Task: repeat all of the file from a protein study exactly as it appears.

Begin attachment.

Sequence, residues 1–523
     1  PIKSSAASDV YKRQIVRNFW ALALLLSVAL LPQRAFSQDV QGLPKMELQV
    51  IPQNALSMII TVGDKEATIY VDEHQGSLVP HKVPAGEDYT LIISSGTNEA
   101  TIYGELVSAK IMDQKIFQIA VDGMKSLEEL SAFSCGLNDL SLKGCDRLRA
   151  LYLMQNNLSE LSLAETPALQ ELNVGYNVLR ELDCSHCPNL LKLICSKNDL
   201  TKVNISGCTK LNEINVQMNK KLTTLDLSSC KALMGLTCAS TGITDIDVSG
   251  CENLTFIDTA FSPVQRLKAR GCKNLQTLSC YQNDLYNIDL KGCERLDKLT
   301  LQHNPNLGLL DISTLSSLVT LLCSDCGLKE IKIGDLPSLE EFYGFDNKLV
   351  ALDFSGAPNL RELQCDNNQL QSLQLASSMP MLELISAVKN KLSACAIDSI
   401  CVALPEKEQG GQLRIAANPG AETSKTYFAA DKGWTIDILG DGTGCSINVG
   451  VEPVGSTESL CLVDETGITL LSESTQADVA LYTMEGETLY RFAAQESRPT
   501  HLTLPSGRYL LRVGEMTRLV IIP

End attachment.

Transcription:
Sequence, residues 1–523
     1  PIKSSAASDV YKRQIVRNFW ALALLLSVAL LPQRAFSQDV QGLPKMELQV
    51  IPQNALSMII TVGDKEATIY VDEHQGSLVP HKVPAGEDYT LIISSGTNEA
   101  TIYGELVSAK IMDQKIFQIA VDGMKSLEEL SAFSCGLNDL SLKGCDRLRA
   151  LYLMQNNLSE LSLAETPALQ ELNVGYNVLR ELDCSHCPNL LKLICSKNDL
   201  TKVNISGCTK LNEINVQMNK KLTTLDLSSC KALMGLTCAS TGITDIDVSG
   251  CENLTFIDTA FSPVQRLKAR GCKNLQTLSC YQNDLYNIDL KGCERLDKLT
   301  LQHNPNLGLL DISTLSSLVT LLCSDCGLKE IKIGDLPSLE EFYGFDNKLV
   351  ALDFSGAPNL RELQCDNNQL QSLQLASSMP MLELISAVKN KLSACAIDSI
   401  CVALPEKEQG GQLRIAANPG AETSKTYFAA DKGWTIDILG DGTGCSINVG
   451  VEPVGSTESL CLVDETGITL LSESTQADVA LYTMEGETLY RFAAQESRPT
   501  HLTLPSGRYL LRVGEMTRLV IIP